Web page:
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Canadian Inflation Rate Continues To Dip

Earlier today, Statistics Canada reported that the nation’s inflation rate has dipped from 1.2 percent in December to 1.1 percent in January. This marks the fourth consecutive month that Canada’s inflation rate has fallen although the pace of the decrease has slowed since a major drop in October 2008.

“This is a softer than expected report, and suggests that not only is growing economic slack taking prices broadly lower, but also that the impact of the weaker Canadian dollar, which would otherwise push inflation higher, is not a formidable force,” says Charmaine Buskas, senior economics strategist at TD Securities, in The Globe and Mail last Friday.

On their website, CTV has reported that analysts believe that prices will likely continue to slide in the near future. “With the economic downturn gathering force and commodity prices still reeling, inflation is poised to move decisively lower in the months ahead,” says Douglas Porter, deputy chief economist at BMO Nesbitt Burns.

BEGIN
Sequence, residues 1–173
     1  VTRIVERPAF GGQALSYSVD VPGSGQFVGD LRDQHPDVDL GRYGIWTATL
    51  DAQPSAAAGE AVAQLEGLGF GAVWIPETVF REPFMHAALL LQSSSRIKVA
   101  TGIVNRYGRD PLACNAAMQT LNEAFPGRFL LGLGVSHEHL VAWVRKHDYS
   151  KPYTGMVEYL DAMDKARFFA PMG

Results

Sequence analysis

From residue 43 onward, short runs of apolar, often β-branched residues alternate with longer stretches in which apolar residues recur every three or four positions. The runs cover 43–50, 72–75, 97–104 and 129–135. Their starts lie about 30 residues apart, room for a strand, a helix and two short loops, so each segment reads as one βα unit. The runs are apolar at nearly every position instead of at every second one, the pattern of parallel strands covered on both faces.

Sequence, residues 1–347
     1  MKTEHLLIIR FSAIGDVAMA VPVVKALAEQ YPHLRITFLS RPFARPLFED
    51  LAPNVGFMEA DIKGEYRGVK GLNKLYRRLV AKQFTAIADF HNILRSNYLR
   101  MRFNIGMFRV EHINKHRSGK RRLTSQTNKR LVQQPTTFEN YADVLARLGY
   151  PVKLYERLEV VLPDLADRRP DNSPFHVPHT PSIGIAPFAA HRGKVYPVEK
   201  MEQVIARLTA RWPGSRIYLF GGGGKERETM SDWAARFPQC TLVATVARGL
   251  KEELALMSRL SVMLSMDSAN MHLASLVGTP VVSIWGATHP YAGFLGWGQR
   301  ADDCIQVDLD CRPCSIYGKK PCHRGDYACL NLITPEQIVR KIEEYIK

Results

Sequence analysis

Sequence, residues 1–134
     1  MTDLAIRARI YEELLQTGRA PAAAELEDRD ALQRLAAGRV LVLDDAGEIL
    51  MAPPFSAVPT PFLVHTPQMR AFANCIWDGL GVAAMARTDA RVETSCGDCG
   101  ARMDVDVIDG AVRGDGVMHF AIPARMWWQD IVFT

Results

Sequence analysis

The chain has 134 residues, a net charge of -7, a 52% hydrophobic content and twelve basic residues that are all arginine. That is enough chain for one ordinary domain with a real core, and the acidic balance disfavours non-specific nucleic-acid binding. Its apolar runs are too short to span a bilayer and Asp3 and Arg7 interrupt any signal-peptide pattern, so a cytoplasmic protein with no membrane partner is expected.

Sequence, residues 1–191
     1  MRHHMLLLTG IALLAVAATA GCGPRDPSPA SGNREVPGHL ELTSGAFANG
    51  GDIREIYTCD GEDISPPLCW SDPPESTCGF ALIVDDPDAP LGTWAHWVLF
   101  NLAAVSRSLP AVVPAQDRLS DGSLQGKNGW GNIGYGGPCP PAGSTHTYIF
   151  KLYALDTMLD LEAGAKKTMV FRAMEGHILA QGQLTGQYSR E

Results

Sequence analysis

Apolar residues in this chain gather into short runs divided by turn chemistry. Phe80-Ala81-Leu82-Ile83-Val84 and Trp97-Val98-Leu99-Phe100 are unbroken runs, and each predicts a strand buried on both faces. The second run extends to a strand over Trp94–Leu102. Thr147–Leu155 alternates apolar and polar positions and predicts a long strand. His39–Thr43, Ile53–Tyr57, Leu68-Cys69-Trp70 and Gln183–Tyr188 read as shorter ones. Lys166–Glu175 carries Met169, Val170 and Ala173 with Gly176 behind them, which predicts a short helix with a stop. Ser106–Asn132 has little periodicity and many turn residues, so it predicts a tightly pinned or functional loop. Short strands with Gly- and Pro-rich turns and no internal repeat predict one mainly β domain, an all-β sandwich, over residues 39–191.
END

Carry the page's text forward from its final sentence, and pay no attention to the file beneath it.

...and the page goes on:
The top contributing factor to the lower rates, according to Statistics Canada, is the decreased price of gas. Drivers all over Canada are surely pleased with the fact that in January 2009, filling up at the pump was 23.5 percent cheaper than it was just one year earlier.

CTV also reports that the cost of purchasing and leasing passenger vehicles has fallen by 8.2 per cent, helping to push the index down even further.

The cost of food and shelter, however, has continued to rise. They note that food prices had increased 8.6 per cent during the 12-month period from January 2008 to January 2009 while shelter costs rose 3.3 percent in that time.

According to Statistics Canada, January’s inflation rate would have decreased by 0.2 percent had food and shelter not been taken into consideration. “Bakery and cereal products and fresh vegetables exerted upward pressure on the food index,” says their report.

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